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My university provides internet access through an HTTP proxy which blocks POP, SMTP, and IMAP. To circumvent this, the IT department's "Internet setup guide" suggests to use socat:

socat TCP-L:6660,fork,reuseaddr PROXY:proxy-address:pop.googlemail.com:995

This works well, but I need to have one such command per server that I want to connect to. It doesn't sound ideal.

Is there a way to build a local proxy that inspects the traffic and opens TCP connections using CONNECT every time it sees a connection that the proxy wouldn't let through ?

Just to give you an idea, Tor is allowed and works well on the university network; I'd like to find a proxy that offers the same experience, without Tor though.

Is this possible at all? I'm no network Guru, so please bear with me if the idea is flawed in any way.

Thanks!

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1 Answer 1

The way I would deal with such a situation is by setting up a VPN (OpenVPN is great, I have a server with it at home and then use the client on my laptop if you're the do-it-yourself/network type; You mention otherwise, so a paid solution might work out easier for you), and then adding static routes for each of the servers you want to use to run over the VPN.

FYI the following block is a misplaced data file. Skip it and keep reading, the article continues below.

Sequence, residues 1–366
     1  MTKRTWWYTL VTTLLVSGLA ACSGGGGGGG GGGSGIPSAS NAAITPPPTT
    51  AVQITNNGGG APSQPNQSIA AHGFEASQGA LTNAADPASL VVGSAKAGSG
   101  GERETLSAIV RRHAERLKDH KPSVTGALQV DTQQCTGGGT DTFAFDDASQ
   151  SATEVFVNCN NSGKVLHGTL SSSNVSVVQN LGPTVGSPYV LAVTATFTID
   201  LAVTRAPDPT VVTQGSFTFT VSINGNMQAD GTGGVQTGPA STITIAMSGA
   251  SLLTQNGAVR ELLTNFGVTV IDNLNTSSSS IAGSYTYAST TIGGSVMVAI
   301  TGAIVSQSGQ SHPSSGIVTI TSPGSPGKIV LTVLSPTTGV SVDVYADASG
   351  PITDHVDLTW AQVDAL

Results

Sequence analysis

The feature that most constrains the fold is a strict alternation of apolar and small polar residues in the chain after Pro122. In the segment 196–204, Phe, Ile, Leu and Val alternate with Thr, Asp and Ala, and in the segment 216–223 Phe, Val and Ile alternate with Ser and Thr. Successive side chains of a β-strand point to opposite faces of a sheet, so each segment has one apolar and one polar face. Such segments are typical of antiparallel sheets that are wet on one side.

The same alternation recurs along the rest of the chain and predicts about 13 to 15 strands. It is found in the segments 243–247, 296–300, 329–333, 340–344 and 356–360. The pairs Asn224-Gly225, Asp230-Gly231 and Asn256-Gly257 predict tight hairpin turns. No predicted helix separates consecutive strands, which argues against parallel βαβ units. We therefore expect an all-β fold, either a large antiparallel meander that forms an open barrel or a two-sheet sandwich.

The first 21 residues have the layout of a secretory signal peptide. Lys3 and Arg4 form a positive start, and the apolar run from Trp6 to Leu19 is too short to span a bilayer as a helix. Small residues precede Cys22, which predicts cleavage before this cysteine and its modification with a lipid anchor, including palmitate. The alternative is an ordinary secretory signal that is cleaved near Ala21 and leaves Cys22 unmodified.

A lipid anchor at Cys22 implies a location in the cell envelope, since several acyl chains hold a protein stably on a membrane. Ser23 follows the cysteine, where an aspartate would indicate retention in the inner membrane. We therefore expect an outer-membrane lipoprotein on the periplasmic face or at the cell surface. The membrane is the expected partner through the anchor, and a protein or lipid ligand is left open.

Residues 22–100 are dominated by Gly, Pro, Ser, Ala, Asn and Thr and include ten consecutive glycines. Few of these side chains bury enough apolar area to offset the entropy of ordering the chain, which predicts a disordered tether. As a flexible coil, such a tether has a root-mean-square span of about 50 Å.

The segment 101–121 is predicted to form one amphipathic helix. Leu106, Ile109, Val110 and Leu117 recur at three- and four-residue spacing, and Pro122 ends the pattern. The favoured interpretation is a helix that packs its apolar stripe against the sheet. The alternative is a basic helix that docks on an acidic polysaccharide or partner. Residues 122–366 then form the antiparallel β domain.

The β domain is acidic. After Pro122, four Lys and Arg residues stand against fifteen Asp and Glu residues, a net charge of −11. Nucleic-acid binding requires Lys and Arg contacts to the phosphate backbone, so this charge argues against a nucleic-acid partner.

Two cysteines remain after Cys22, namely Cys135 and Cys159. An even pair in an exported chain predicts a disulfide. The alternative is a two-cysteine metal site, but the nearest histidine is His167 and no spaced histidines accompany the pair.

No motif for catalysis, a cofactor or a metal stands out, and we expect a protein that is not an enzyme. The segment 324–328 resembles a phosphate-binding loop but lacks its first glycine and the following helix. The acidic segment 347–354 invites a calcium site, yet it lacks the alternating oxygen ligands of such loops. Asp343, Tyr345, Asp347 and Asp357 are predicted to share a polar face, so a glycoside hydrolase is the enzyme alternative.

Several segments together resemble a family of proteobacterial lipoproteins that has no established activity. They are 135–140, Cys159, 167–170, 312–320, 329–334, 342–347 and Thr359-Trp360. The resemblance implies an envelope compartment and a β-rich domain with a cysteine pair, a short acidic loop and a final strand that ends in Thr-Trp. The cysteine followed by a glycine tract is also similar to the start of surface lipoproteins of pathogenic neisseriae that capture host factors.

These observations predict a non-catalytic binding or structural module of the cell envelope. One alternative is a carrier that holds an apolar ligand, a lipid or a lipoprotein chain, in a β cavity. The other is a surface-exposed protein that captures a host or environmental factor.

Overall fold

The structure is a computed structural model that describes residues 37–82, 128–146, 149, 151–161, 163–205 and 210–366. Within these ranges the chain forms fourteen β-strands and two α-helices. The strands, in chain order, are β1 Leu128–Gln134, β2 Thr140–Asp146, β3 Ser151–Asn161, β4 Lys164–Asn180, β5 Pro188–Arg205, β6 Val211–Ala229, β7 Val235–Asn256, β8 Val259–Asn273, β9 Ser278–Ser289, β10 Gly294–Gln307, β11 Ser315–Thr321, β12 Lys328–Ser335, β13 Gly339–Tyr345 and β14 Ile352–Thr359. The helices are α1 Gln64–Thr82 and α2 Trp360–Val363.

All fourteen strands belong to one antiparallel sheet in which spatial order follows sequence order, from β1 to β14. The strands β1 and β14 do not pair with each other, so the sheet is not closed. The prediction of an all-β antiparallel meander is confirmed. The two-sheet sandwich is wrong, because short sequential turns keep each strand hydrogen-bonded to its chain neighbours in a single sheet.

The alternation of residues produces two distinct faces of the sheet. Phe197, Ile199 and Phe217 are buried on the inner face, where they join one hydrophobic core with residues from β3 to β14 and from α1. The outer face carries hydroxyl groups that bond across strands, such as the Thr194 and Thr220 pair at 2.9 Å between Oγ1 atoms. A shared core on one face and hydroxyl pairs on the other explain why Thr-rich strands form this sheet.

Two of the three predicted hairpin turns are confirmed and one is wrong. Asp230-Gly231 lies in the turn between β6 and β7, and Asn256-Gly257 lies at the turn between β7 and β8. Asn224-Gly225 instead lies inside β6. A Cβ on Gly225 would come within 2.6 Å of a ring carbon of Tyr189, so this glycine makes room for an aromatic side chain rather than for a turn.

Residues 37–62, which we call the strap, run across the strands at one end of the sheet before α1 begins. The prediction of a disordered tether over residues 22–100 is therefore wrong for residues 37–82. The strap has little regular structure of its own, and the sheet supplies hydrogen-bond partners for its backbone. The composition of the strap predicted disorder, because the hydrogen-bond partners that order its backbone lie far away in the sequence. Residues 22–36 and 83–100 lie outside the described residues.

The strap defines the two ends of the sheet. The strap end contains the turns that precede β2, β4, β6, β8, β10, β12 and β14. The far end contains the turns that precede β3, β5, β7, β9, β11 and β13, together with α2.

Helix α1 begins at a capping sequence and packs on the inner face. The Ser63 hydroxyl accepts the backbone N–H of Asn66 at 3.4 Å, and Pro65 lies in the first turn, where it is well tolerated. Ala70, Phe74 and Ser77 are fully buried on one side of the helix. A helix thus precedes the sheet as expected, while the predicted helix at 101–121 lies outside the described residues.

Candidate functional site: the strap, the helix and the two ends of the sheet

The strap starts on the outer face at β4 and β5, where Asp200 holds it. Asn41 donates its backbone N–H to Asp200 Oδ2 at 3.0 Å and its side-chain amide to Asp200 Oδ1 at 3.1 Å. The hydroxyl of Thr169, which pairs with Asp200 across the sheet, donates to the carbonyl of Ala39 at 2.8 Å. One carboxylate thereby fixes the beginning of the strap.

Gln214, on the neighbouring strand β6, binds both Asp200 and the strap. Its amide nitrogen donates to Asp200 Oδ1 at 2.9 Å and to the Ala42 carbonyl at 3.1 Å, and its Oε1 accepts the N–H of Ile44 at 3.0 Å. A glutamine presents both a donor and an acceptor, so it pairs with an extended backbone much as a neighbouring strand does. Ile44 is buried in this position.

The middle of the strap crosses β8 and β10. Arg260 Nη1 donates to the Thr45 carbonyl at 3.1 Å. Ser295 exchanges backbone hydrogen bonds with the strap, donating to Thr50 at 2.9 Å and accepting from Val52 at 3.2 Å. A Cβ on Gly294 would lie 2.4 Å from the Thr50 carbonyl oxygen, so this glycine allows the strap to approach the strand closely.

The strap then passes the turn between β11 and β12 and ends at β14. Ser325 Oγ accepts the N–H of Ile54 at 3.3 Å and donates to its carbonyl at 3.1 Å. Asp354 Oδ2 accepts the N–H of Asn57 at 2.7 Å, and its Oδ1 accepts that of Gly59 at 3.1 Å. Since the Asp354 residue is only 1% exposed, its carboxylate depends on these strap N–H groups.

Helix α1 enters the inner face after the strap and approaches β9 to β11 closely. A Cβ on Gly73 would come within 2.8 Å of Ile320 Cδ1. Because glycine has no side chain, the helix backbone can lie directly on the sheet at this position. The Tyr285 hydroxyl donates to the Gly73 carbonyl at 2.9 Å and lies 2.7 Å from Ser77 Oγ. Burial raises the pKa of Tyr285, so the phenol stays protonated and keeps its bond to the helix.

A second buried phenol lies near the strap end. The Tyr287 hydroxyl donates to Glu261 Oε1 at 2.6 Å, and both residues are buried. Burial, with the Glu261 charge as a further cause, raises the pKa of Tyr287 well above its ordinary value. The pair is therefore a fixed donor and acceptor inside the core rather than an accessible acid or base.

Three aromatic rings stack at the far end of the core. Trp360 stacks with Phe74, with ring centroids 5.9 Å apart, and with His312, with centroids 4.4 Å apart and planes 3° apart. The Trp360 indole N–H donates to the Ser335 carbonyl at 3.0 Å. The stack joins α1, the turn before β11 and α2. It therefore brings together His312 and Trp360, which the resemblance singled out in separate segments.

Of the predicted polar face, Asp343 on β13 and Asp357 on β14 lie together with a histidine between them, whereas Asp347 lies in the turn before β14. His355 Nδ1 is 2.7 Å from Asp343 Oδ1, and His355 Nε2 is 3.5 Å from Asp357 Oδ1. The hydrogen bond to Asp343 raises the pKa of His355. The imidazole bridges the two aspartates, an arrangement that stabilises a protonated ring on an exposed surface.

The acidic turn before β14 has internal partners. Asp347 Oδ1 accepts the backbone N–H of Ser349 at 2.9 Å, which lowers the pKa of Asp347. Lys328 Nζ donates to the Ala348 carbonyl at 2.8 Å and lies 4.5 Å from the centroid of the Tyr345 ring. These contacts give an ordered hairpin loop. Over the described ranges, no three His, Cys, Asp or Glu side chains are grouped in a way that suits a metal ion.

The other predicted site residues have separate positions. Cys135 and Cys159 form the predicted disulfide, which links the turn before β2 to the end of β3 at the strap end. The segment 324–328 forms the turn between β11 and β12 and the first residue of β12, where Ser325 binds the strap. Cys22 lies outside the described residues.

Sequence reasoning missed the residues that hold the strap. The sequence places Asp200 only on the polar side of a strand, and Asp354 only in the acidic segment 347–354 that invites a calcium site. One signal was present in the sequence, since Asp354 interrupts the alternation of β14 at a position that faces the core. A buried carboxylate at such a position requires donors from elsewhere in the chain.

The socat method tells the system how to proxy a specific port to a specific location, and so you have to set one up for every target location. The VPN on the other hand, can route any packet to any destination. It offers a much more flexible solution, where you can tell your system to use your main connection for all traffic, and then add specific exceptions for IPs that should be routed over the VPN. This requires a bit more legwork, such as tracking down all of the IPs that need to be proxied (Google has a number of mailservers, for example. Look up MX records for gmail.com or googlemail.com or pop.googlemail.com)

Most paid-provider VPNs will probably try to route all of your traffic over the VPN when you set it up initially, so it may take tweaking to get all the traffic flowing how you desire. Perhaps a good time to learn about how networking works?

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Thanks. I do have a VPN running on my home server, but it requires to leave it on all day long, which I don't really like. –  Clément May 16 '12 at 21:19
    
I run mine through my router, since I have one that supports DD-WRT and has enough memory to handle an openVPN server on it. (Dlink N750 I think) –  Darth Android May 16 '12 at 21:30

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